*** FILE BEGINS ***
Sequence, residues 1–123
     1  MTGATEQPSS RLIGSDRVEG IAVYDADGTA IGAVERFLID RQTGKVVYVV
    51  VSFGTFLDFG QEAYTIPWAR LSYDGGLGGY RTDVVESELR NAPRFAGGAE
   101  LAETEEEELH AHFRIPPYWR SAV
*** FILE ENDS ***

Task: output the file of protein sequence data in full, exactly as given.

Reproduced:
Sequence, residues 1–123
     1  MTGATEQPSS RLIGSDRVEG IAVYDADGTA IGAVERFLID RQTGKVVYVV
    51  VSFGTFLDFG QEAYTIPWAR LSYDGGLGGY RTDVVESELR NAPRFAGGAE
   101  LAETEEEELH AHFRIPPYWR SAV